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Keeping the Peace at Work-Conflict Resolution from a Boss Perspective

Steele Steadiman is a boss… (not a leader or a manager) and is in an eternal conflict with human resources. If you are looking for leadership training or to be a good coach with your direct reports, it’s a good idea to just do the opposite of what he suggests. However, if you are looking for a very entertaining keynote speaker, Steele will get your group fired up.

A survey by Accountemps indicates Managers spend an average of 18 percent of their time intervening in employee disputes. That is more than seven hours a week or nine weeks per year.   Past Accountemps studies from as far back as 1991 show very similar results.

These survey results show what it is important to be a Strong Boss.  Employees’ personal problems are messy and like a tidal wave of emotion can eat up a lot of time.  The touchy, feely folks at Accountemps offer five tips for minimizing personality conflicts.  I have added my own suggestions.

1.     Know when to step in. You don’t want to interject every time a minor issue arises, but you can’t afford to turn a blind eye to problems that jeopardize the group’s output… Steele says, Punish all parties involved in the disruption.  This will keep employees from bothering you with their petty problems.”

2.     Don’t let one bad apple spoil the bunch. When friction is clearly stemming from the actions of a single individual, remind that person that the ability to collaborate and treat coworkers with respect is a requirement of the job.  Steele says, “Collaborate?!?  No, Elaborate your dissatisfaction with the employee twice and then fire the troublemaker.”

3.     Help employees get to know each other. Provide opportunities for your staff to interact in non-work activities, such as lunches or volunteer activities; familiarity can breed greater understanding.  Steele says, Oh please!  Strong Bosses don’t get involved in familiarity.  Remember familiarity breed’s contempt.  Keep your distance from employees and don’t waste time on socializing.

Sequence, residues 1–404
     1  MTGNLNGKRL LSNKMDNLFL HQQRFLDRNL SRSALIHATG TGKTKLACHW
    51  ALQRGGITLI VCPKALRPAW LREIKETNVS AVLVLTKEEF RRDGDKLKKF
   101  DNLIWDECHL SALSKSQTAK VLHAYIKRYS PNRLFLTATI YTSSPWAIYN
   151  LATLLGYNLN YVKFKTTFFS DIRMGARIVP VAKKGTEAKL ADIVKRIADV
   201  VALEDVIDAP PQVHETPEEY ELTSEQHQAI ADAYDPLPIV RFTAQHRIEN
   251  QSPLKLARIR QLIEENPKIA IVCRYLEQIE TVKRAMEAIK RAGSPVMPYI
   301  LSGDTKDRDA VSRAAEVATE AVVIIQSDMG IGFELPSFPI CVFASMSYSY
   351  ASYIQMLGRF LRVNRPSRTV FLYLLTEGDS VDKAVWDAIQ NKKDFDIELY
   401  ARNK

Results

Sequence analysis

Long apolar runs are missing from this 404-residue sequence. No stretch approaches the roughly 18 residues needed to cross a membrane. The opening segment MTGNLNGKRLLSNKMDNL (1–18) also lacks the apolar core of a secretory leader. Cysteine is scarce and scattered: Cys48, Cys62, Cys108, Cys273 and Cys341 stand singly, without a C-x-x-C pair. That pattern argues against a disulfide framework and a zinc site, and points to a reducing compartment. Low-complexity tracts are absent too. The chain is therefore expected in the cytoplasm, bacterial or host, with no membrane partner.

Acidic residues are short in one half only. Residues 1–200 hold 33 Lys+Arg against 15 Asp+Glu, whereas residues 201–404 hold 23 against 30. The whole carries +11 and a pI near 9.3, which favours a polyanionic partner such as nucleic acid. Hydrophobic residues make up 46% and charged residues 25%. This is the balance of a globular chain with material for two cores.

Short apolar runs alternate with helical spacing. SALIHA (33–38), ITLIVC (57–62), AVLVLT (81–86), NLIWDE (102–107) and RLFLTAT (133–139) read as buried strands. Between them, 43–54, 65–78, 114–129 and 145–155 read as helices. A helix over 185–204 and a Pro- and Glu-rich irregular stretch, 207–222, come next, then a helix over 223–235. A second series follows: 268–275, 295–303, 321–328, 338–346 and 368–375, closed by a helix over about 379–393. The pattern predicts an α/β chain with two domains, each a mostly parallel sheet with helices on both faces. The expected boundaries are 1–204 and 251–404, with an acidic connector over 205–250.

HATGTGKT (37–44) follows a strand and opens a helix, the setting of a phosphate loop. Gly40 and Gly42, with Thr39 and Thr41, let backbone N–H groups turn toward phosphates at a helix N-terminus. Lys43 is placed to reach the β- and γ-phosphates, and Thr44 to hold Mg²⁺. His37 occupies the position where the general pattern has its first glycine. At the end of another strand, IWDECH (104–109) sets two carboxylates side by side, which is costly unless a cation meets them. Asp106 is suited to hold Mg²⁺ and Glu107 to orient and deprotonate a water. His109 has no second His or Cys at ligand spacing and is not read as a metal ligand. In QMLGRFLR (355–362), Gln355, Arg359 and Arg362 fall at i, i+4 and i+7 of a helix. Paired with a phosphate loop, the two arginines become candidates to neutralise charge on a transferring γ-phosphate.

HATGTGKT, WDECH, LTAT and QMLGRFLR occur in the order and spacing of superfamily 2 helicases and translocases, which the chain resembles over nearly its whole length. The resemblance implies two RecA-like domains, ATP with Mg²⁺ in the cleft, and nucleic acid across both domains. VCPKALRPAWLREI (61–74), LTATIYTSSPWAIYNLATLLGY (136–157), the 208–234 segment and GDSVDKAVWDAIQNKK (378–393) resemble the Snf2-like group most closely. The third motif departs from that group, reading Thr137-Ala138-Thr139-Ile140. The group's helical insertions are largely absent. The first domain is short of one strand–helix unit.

4.     Reward positive role models. Dole out praise, promotions and choice assignments to individuals who contribute to a supportive work environment. Recognizing staff for being team players sends a clear message that how they interact with others is as important as their job performance.  Steele says, “You can tell eggheads from Human Resources are involved with this suggestion.  Nothing is as important as job performance.  To suggest that being a team player is the same as being the top producer is just silly!

5. Make good hiring choices from the start. Hiring individuals with excellent interpersonal skills who are a good fit with your organization’s culture will reduce the potential for future conflicts.   Steele says, “It is a big mistake to look for interpersonal skills in hiring.  People like that talk too much and want to be happy.  I think you look for the best talent with the least interpersonal skills.  This way the new employee keeps their mouth shut, head down and focuses on the work in front of them.

Steele Steadiman is a Bosses’ Boss.  After a successful career in the business world, he is committed to showing weak leaders the path to control.  Steele is the author of “Squish Creativity Like a Bug.” He lectures and travels the world helping bring managers and leaders to his level.


Author: Doug Staneart, Date Published: April 25, 2011

Doug Staneart is president of The Leader's Institute ®. He is based in the Dallas, Texas Region. He is a specialist in corporate team building activities and custom presentation skills seminars.

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